SAN ANTONIO — They came for a share of $280,000 in cash and prizes and to compete and celebrate like family. In all, 232 technicians, and truck and parts sales personnel selected from across Rush Enterprises’ national network vied in skills tests to prove they were the champions of what they do for the truck dealership.
The Rush Enterprises 2018 Tech Skills Rodeo was held here Dec. 9-11, and a record 1,808 employees nationwide took tests earlier to try to qualify for the company’s 13th rodeo.
Steven Brain, a lead technician from Rush Truck Center Dallas, whose specialty is Hino medium-duty trucks, was named grand champion. He won cash and prizes totaling $18,470 plus a big belt buckle.
Belt buckles were awarded to winners in several categories. (Eric Fossum)
Brain has been competing at the rodeos for seven years and won various categories six times, but never the top prize — until now. He said he solved the final bug in the Hino he was working on in the last 30 seconds of allowable time.
“Hino has been my bread and butter,” he said.
Overall, 55 winners were chosen in 18 categories. They were brought to the stage individually during a dinner for an estimated 900 attendees, including competitors and their guests, industry suppliers and Rush employees who came to help support and administer the event.
“It’s pride,” Rush Chairman and CEO W.M. “Rusty” Rush said. “People can talk it, but I like to feel we have walked it. We are going to continue to invest in our people.”
After the awards dinner, Brain said he has been “happy and proud” to work for Rush for almost 10 years He has been a truck technician for 16 years.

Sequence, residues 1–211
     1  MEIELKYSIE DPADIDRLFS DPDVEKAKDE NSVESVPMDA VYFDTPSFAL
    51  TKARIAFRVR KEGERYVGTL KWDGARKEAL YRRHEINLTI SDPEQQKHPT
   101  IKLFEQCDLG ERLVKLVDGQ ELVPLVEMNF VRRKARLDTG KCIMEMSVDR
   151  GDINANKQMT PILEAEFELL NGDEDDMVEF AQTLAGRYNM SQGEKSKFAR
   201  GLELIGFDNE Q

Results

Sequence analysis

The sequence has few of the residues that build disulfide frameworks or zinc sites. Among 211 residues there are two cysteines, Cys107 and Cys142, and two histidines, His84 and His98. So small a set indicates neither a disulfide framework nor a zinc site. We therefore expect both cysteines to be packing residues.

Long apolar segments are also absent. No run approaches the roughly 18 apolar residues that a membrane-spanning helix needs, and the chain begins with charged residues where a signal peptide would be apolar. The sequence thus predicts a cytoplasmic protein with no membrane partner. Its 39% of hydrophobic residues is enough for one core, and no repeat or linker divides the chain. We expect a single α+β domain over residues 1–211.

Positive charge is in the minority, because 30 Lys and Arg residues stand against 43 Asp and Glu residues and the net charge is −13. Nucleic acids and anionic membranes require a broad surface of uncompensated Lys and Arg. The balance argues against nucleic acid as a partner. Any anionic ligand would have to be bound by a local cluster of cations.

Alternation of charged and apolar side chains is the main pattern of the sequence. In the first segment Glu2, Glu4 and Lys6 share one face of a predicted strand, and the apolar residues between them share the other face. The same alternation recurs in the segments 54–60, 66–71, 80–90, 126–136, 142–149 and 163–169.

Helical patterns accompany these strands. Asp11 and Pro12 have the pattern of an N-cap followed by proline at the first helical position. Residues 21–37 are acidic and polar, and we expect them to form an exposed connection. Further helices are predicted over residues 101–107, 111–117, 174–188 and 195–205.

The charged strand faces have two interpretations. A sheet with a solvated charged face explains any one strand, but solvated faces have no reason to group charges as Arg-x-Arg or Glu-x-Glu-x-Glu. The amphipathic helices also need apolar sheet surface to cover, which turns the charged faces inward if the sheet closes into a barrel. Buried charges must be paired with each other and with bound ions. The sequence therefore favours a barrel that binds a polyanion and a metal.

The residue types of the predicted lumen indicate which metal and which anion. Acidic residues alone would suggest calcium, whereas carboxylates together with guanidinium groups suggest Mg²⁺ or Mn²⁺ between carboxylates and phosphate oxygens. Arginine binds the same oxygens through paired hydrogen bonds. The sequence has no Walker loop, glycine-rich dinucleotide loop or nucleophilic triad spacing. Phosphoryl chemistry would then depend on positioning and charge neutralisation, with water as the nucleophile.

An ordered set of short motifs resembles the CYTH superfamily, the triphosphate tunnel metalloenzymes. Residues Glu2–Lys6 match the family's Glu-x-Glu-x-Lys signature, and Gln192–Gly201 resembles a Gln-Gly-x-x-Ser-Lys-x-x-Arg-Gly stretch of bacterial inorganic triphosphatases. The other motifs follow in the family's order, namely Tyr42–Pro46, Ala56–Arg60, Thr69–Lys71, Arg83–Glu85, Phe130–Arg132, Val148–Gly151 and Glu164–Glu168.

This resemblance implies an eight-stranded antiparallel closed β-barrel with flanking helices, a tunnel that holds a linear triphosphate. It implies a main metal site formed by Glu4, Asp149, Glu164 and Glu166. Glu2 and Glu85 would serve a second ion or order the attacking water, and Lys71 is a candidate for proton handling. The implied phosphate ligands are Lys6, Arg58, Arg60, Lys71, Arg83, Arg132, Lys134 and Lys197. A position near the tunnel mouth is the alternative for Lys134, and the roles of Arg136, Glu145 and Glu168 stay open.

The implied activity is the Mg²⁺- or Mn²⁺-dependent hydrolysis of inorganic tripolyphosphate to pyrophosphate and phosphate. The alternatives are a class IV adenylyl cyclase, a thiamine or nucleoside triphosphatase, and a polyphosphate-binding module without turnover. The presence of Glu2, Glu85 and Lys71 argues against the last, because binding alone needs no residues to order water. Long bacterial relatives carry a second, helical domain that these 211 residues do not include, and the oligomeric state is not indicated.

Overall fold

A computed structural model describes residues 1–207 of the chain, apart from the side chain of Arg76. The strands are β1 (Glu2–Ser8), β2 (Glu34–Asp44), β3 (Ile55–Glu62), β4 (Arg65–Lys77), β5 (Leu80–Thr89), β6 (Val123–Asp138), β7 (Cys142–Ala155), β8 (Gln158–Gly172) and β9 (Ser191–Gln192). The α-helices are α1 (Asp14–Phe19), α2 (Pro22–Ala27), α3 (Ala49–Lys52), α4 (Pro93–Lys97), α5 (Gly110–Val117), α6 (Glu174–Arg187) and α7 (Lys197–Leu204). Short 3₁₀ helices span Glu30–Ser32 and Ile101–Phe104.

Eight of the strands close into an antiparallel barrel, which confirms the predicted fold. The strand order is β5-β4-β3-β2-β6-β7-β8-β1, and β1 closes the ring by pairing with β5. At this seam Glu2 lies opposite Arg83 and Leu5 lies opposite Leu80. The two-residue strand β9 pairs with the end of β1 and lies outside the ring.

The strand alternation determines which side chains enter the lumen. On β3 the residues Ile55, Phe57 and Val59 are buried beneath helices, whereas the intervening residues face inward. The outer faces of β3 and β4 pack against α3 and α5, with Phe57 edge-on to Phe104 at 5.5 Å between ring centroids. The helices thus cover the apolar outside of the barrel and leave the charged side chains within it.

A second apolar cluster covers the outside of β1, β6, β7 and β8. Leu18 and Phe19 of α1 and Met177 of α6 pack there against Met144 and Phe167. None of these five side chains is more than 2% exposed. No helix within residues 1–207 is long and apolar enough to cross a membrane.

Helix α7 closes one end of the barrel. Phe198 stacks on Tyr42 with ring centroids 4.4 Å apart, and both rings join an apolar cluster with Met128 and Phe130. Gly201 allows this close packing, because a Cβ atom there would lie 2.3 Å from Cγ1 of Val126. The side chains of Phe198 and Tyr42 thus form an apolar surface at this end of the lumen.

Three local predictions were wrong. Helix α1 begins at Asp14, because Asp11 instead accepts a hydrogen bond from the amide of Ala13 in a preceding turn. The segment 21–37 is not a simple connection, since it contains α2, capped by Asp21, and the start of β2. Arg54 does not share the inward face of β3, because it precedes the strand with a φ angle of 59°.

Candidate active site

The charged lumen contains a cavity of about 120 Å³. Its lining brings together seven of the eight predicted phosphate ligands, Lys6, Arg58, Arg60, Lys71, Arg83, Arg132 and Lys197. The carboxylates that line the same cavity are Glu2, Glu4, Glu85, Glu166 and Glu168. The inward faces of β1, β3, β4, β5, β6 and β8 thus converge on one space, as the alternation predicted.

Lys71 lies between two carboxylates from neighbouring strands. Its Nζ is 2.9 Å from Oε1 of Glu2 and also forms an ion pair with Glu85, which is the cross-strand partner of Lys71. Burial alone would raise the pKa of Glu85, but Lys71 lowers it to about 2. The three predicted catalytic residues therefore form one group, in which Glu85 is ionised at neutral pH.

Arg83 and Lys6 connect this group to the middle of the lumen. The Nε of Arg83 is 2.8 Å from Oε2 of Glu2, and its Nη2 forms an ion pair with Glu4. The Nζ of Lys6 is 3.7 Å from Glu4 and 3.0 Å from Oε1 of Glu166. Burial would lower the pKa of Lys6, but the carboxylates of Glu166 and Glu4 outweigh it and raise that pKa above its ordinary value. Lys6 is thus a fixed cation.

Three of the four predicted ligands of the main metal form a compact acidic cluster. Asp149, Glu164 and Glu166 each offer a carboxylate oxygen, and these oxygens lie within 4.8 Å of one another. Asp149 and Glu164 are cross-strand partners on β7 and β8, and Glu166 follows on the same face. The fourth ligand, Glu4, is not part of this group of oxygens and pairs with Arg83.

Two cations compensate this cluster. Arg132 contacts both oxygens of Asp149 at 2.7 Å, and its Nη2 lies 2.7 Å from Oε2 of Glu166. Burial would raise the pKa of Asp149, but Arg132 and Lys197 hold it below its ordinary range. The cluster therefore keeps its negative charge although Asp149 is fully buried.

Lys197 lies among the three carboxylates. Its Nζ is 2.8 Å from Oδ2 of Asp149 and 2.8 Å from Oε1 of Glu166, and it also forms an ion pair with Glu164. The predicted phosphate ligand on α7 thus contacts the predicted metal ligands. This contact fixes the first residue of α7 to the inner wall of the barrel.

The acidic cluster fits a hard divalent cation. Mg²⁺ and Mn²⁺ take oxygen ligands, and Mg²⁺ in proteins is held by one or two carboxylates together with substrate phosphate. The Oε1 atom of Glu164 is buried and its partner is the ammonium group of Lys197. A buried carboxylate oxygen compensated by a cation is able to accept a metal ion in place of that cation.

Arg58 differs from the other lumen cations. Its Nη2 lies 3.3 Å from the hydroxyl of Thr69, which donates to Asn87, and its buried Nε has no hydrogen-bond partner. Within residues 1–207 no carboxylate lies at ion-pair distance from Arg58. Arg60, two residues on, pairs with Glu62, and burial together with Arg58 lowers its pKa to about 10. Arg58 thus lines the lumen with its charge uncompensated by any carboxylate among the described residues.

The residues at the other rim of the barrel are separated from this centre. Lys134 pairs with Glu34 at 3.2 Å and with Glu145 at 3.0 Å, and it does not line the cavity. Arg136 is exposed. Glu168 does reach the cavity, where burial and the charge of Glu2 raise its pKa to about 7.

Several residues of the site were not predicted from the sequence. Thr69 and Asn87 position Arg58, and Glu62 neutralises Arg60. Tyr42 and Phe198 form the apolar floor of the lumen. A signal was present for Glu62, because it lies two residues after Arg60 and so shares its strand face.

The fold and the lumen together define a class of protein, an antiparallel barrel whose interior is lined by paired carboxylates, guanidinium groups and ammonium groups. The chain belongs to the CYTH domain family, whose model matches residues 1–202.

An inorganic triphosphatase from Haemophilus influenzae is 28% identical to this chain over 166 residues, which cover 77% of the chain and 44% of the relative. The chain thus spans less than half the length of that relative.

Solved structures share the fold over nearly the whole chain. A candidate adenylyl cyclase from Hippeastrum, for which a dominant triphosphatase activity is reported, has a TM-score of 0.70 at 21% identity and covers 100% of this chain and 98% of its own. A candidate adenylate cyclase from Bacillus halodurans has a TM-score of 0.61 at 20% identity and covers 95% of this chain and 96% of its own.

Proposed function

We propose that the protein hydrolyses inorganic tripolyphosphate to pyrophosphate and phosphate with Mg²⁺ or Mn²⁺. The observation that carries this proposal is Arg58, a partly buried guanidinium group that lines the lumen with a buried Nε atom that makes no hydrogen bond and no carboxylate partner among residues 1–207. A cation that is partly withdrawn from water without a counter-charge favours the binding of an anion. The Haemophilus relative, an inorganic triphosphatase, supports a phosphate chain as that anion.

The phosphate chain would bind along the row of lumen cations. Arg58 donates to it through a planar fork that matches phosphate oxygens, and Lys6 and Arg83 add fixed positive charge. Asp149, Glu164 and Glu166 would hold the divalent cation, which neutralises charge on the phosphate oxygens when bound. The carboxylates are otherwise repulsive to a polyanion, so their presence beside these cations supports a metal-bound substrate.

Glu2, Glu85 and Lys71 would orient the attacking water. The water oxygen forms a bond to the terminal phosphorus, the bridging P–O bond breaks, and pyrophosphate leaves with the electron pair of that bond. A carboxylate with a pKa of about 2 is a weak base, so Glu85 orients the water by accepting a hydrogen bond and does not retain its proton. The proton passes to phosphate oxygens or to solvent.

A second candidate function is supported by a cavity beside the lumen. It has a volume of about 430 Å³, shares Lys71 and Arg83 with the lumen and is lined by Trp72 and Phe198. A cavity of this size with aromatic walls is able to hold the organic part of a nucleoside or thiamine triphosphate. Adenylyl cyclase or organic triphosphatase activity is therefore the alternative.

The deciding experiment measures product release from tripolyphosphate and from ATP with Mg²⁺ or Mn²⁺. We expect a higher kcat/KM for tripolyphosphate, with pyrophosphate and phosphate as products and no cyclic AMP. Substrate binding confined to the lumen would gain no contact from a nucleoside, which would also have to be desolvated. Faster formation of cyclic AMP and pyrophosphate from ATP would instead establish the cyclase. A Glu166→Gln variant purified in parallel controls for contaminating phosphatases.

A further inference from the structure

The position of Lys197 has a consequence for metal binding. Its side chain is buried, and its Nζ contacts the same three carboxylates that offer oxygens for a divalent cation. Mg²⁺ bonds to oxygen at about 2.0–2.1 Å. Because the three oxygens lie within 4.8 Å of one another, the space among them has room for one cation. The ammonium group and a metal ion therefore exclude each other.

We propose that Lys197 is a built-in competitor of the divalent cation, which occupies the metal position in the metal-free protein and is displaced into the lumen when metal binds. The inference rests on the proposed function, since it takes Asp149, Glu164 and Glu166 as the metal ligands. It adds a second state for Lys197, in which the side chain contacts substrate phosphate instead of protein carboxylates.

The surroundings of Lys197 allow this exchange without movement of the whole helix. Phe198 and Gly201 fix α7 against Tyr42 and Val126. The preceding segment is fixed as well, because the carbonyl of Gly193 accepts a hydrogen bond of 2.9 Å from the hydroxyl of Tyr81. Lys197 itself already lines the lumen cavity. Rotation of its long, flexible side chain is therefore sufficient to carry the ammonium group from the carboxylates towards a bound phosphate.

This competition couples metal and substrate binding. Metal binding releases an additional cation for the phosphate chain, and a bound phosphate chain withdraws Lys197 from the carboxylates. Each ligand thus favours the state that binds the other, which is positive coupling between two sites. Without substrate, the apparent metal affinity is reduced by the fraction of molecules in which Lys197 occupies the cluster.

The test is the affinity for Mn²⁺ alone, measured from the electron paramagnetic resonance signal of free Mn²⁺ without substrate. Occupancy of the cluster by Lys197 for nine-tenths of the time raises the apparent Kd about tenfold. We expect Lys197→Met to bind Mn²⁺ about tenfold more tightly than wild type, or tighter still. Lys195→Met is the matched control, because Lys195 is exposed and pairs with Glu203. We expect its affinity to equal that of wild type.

“I’ve been very fortunate. What I do comes very natural to me. I think it’s a God-given gift.”
At the Dallas dealership, Brain oversees the workflow in the bays neighboring his and works on Hino trucks himself.
“I am bumper to bumper at work,” he said.
W.M. Rush. (Eric Fossum)
At the same time, he mentors new hires.
“I tell young people all the time that this is a career that’s in demand,” he said. “If you apply yourself, study and train, you can do well with it and make a very good living, which I do.”
Rush is recognizing its workers for the job they do every day, said George Arrants, ASE education foundation manager. “And that is powerful. They are creating a positive company culture.”
The day before the awards dinner, Jerry Carpenter said he had earned 11 trips to the rodeo.
“They treat us right. It’s always fun to come and see if you could be the guy, one more time,” he said, adding he has never placed in the main competition but has won cash and prizes.
Carpenter has worked as a lead technician at the Rush Truck Center in Charlotte, N.C., for 33 years and also serves as a mentor.
“We try to raise [new hires] the Rush way, show them how things are supposed to be done,” he said. “And the quality that comes out the door better be top notch. So they have to learn that, and it takes some time.
“I really like the ones who say, ‘I’m going to do the job. You showed me how, now I want to do it.’ Those guys are typically the ones who really come up faster.”
Rush’s father, W. Marvin Rush, who died in May, started the company in 1965 as a car dealership then moved into trucks in 1967 as a Peterbilt Motors Co. dealer. The company was taken public in 1996, and has grown to 7,125 employees with revenue in 2017 of $4.7 billion.
It is the only publicly traded truck dealership in the nation, with 110 locations in 21 states.
Looking out at the dinner crowd after a video tribute to his father, a tearful Rush said, “It’s a business, but more than that it is a family. He was your daddy, too. He loved each and every one of you.”